The application of robotic cleaning solutions is slowly gaining acceptance, and it becomes more economical when the project sizes increase. The larger the project, the higher the cost of manual labor for panel cleaning which is driving utility-scale developers and solar park operators to opt for automated cleaning solutions.
Several companies, both domestic and international, have started offering robotic panel cleaning solutions to customers. In November last year, Israeli company Ecoppia was chosen by Fortum to deploy its field-proven cleaning solutions across its solar projects in India. Ecoppia has partnered with Fortum to equip its projects in Pavagada and Bhadla solar parks with Ecoppia’s environmentally friendly E4 solution. The Bhadla project is in a water-deficient region and often faces massive dust storms. Ecoppia’s E4 is a fully autonomous robot that uses microfiber brushes to clean the dust from the solar panels. It is designed for large rows of solar panels located in arid and sandy zones.
Speaking to Mercom, Ecoppia’s Vice President of Marketing, Anet Cohen Segev, said that solar companies are moving towards robotic cleaning as the only way to remain competitive in today’s low tariff, low margin times, and to improve O&M practices through automation.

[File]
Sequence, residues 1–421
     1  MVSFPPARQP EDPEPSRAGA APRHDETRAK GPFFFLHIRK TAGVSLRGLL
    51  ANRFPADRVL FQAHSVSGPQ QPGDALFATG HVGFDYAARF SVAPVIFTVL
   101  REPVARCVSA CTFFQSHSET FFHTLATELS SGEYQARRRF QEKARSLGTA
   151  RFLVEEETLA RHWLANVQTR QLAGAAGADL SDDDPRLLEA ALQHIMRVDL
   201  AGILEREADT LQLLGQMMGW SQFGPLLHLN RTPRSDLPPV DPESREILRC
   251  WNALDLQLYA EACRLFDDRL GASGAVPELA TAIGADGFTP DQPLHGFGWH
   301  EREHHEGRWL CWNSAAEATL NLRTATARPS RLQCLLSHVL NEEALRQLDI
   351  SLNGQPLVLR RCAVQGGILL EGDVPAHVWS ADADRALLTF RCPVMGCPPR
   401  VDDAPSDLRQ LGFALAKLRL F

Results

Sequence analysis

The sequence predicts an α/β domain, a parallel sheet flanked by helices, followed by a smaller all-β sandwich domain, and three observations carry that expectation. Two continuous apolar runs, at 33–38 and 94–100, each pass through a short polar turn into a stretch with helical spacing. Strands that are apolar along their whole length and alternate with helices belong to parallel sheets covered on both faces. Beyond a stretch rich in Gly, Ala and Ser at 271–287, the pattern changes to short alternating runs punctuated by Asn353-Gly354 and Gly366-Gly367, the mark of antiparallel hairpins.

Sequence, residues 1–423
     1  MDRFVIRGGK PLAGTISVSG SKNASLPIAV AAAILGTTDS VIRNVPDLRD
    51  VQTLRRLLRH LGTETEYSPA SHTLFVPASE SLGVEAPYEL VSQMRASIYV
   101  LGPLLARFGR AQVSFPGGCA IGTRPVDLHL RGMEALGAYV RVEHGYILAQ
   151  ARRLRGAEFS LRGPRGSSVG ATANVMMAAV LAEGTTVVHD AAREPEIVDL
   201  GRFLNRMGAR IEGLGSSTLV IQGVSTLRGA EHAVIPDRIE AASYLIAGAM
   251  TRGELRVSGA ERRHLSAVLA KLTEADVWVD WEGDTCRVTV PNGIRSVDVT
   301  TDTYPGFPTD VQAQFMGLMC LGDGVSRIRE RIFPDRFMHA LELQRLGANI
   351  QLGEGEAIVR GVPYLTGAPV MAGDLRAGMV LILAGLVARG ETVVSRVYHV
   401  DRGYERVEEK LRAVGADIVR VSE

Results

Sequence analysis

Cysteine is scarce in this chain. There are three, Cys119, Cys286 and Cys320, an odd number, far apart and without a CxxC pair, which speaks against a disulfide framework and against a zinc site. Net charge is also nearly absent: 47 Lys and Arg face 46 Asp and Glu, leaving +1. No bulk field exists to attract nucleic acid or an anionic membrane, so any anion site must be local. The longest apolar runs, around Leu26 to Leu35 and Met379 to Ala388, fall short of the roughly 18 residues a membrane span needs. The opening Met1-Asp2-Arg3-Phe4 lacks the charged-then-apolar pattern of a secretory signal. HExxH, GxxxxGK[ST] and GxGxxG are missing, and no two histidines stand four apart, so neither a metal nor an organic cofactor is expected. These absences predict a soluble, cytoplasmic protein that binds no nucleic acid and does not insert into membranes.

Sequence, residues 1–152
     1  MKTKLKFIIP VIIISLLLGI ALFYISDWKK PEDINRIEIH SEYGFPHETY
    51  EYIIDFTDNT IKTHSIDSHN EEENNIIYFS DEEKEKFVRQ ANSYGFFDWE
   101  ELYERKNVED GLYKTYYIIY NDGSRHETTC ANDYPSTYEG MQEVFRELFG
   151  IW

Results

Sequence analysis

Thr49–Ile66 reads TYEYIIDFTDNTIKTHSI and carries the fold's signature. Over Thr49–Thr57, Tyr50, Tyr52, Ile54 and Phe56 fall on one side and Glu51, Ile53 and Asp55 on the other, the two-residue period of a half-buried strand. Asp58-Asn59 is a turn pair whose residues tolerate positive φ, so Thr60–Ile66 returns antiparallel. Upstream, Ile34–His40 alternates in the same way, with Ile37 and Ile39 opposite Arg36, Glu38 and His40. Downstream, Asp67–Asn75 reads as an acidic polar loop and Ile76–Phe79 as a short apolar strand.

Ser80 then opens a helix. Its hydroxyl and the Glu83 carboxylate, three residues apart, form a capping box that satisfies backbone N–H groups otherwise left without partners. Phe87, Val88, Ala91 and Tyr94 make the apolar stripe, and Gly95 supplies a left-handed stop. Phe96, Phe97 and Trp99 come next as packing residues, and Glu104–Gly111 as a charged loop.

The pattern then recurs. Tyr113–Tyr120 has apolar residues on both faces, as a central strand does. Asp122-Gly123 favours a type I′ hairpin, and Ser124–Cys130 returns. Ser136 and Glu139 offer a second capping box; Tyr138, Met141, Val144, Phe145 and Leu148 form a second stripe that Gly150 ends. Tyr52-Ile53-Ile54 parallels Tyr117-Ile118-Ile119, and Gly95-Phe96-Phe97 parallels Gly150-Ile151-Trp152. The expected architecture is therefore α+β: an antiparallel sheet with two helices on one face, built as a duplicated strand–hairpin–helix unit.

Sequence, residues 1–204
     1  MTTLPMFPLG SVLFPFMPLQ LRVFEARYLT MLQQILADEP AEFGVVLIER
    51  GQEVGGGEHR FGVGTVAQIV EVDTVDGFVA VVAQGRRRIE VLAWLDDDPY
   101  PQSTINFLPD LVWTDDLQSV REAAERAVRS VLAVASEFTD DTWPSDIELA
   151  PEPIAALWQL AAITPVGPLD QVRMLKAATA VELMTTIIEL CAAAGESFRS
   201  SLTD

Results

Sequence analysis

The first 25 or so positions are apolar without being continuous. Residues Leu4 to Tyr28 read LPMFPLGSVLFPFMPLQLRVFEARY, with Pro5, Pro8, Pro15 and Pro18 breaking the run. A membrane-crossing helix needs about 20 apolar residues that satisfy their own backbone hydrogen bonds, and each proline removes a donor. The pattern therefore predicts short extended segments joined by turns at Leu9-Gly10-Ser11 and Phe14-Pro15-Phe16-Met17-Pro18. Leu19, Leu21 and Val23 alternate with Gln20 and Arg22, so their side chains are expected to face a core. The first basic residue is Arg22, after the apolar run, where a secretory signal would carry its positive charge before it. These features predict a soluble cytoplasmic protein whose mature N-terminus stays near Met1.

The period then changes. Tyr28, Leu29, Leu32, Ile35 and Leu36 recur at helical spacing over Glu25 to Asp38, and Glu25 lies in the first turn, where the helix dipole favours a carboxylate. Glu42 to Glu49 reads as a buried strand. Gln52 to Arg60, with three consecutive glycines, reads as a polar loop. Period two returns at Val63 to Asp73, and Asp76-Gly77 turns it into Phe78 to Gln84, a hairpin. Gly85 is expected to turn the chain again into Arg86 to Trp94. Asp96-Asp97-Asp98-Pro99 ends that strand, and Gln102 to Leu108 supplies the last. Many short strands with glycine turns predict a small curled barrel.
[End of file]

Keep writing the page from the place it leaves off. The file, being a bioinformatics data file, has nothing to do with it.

Comparing it with manual cleaning, Segev said, “Unlike manual cleaning, with the robotic solution you have no reliance on labor availability and labor costs, and what’s more important is that cleaning itself is consistent day in day out. Clearly, this is not the case with manual cleaning, and cleaning is not consistent as it may cause hot spots, which will drastically impact the modules’ production rate. With Ecoppia robots, the cleaning is not only efficient and consistent but also water-free and sustainable. No manual cleaning can be done without water.”
Domestic companies and start-ups are slowly gaining traction and attracting investments as the demand for robotic solutions has increased. Recently, the Noida-based clean tech start-up Skilancer Solar received funding from Venture Catalysts. Skilancer Solar specializes in providing a robotic cleaning system which is capable of cleaning solar modules without the use of water and manual intervention. In June of last year, Alfa Ventures, a venture capital fund, along with serial entrepreneur Dhianu Das, had announced an undisclosed investment in Skilancer Solar.
According to Mercom India Research, major developers such as SB Energy (SoftBank), Sprng Energy (Actis), Engie, NTPC, ACME Solar, Rattan India, and Fortum have deployed the solar robotic cleaning systems on their projects. Most of the major developers have robotic cleaning systems installed on projects at solar parks such as REWA, Bhadla, Pavagada.
Speaking on the cost-effective nature of robotic cleaning, Manish Kumar Das, director of business at Skilancer, says, “Robotic cleaning system eliminates three major components of cost which result in higher ROI. The three cost components involved are the water cost, manpower cost, and higher electricity generation due to daily cleaning. To sum this up, the ROI will increase by nearly 15-20% from robotic solar panel cleaning.”